A building inspector wedged for nearly four hours at the bottom of a hole 66 feet deep and 2 1/2 feet wide was in critical condition Tuesday after an urban rescue team hoisted him to safety in Valencia.
Jaime Lozoya, 32, a contract employee with the city of Santa Clarita, tumbled into the shaft about 10:30 a.m. while working at a residential construction site.
Authorities and witnesses said Lozoya, a Downey resident, fell into the pit--one of several that pock the empty lot at 23948 Via Onda--after he peeled off the plywood covering over its opening. It was unclear whether Lozoya accidentally stepped into the hole or whether the edge of the hole collapsed beneath him. State occupational safety officials are investigating.
Carpenter Bob Howard said he screamed at fellow workers at the site to call for help, which came several minutes later.
"If I hadn't seen him fall, everyone would've kept working," Howard said.
County firefighters directed the delicate operation of hoisting Lozoya out, sending down members of an urban search-and-rescue team from Redondo Beach.
Lozoya, calm and lucid, complained of back pain as three rescue workers were lowered into the hole, one at a time, trying to slip a harness around the trapped inspector and handing him Gatorade to ward off dehydration. Oxygen, in short supply at the bottom of the shaft, was piped in.
As the rescue effort wore on, watched by reporters and neighbors, Lozoya's condition worsened.
Larry Collins, captain of the rescue unit and the first down the shaft, said Lozoya, whose legs were wedged tightly and painfully beneath him, began floating in and out of consciousness.
"I felt really sorry for him when they said I had to come out and leave him down there," said Collins, who emerged dizzy and with a sprained neck after spending an hour in the hole, part of the time upside down. "He was in bad shape."
Finally, it was Lozoya himself who enabled rescuers to pull him out shortly after 2 p.m., officials said.
"The victim went unconscious on me, and I think that probably helped, because he ended up relaxing," said Corky Cook, an engineer with the Los Angeles County Fire Department and the last of the three rescue workers who descended into the pit.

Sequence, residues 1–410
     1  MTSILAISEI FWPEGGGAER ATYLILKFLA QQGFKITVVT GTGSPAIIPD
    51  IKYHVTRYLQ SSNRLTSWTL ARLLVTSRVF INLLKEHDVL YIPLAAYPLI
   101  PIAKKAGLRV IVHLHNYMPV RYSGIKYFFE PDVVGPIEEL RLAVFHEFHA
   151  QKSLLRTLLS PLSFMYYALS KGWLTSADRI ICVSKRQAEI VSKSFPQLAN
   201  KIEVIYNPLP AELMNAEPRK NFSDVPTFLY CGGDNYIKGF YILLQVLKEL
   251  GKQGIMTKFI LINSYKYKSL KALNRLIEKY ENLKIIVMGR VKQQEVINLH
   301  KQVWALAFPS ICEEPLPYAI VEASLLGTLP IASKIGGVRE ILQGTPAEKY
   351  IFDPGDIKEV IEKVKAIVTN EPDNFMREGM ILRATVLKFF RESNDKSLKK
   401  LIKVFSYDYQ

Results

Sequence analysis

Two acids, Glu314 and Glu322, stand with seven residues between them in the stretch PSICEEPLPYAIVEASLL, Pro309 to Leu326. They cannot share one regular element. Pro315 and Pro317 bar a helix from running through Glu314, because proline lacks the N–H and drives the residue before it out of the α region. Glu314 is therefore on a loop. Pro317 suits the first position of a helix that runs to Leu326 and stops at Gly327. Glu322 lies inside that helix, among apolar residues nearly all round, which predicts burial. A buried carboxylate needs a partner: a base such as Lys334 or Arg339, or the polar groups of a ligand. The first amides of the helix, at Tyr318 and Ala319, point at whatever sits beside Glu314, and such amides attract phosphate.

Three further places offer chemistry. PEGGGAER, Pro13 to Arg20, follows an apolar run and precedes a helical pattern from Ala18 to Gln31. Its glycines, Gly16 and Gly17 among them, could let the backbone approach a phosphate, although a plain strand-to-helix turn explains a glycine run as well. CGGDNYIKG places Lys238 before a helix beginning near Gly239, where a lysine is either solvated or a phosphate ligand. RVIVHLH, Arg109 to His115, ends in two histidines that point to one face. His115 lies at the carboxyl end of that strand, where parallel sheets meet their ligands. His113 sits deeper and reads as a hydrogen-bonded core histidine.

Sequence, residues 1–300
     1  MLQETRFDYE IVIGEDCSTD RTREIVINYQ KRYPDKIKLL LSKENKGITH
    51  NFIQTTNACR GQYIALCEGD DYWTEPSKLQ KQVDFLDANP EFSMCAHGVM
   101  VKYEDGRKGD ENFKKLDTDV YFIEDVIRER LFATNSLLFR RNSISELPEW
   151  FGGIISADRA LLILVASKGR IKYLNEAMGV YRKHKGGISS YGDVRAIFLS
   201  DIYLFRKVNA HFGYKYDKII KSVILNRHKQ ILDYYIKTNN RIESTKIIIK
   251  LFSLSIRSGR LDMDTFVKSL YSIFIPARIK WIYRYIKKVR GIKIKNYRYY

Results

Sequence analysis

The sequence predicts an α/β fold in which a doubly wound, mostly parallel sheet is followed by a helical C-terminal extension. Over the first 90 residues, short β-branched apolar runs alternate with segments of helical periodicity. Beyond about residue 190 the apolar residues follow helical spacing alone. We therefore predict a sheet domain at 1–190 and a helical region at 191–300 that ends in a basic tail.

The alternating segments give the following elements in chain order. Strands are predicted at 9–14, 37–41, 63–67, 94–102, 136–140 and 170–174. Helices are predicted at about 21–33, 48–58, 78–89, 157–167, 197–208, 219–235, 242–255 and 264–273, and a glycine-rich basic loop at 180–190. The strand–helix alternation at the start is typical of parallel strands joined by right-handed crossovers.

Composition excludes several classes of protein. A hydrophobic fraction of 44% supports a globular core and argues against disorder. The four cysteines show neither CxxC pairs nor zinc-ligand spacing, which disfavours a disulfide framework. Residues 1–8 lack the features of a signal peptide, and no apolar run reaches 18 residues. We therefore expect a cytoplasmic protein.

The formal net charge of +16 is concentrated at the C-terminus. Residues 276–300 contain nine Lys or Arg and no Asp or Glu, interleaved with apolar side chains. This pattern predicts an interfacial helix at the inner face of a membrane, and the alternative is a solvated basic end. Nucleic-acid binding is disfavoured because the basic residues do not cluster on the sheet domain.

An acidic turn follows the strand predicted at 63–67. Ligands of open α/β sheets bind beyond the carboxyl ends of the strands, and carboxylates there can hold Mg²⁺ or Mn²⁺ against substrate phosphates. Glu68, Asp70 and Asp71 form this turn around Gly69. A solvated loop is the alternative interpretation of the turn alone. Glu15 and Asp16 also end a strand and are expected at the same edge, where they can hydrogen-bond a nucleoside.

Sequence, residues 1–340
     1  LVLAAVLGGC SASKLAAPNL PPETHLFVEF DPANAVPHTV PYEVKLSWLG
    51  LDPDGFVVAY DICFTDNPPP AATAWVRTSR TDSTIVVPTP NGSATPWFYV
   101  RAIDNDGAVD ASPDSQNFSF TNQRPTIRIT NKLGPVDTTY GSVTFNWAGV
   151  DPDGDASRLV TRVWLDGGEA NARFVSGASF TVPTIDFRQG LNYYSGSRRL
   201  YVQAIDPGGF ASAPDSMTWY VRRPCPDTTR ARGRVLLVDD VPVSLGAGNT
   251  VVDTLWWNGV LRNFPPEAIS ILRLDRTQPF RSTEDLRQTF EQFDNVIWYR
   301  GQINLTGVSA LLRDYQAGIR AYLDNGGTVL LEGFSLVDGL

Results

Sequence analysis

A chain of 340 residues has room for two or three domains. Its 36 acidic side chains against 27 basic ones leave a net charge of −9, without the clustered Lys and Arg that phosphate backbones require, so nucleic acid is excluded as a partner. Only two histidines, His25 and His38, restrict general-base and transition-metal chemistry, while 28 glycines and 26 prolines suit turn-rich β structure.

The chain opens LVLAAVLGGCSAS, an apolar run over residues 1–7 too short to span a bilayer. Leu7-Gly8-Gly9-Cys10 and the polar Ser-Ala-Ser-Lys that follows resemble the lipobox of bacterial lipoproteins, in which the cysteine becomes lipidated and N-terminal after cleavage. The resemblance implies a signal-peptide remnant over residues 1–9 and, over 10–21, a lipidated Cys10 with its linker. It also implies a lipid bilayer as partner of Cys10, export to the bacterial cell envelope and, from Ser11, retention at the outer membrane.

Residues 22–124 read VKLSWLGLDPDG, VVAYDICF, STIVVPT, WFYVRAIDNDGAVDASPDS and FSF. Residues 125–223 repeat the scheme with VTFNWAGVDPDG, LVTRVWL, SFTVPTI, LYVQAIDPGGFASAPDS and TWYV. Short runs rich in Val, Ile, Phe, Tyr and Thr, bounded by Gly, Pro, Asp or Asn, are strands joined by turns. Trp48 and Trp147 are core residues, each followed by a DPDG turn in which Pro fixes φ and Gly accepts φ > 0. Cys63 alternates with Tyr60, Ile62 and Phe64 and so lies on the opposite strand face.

As he was lifted out in his T-shirt and jeans, Lozoya went into cardiac arrest and had to be revived by cardiopulmonary resuscitation, fire officials said. He was taken by ambulance to Henry Mayo Newhall Memorial Hospital, where officials say Lozoya's family has asked that changes in his condition be kept confidential.
Lozoya worked for the Anaheim-based company Willdan and Associates, a building inspections firm that the city of Santa Clarita has employed for several years, according to Assistant City Manager Ken Pulskamp.
Pulskamp said Lozoya was regularly out at the location, where two homes damaged in the Northridge earthquake had been razed to make way for new construction. At the time of the accident, construction crews were working to fill the holes--about 20 in all--with concrete and steel reinforcements for seismic safety.
The property is fenced off from the public. A sign warns would-be trespassers of "open pile excavations" and the possibility of severe injury.
John Duncan, a spokesman with Cal/OSHA in Sacramento, said an investigation into the accident would begin today.
Construction Site Rescue
Firefighters rescued a building inspector trapped in a deep, narrow shaft Tuesday at a residential construction site in Valencia. The chain of events is shown below.
1. At 10:40 a.m., Jaime Lozoya falls into a shaft while examining it at site where quake-damaged home was razed.
2. Lozoya becomes wedged feet-first at bottom of shaft, which is 66 feet deep and 30 inches wide.
3. Rescuers criss-cross ladders over hole and attach ropes to it. First of three rescuers is lowered by rope, but he is unable to make it down.
4. Second rescuer is lowered and fits chest harness on Lozoya. After 1 1/2 hours, this rescuer had to exit shaft.
5. Third rescuer is lowered and attaches ropes to Lozoya's harness.
6. Both rescuer and Lozoya are hoisted to safety by about 12 firefighters aboveground. CPR is administered to Lozoya.
Source: Los Angeles County Fire Department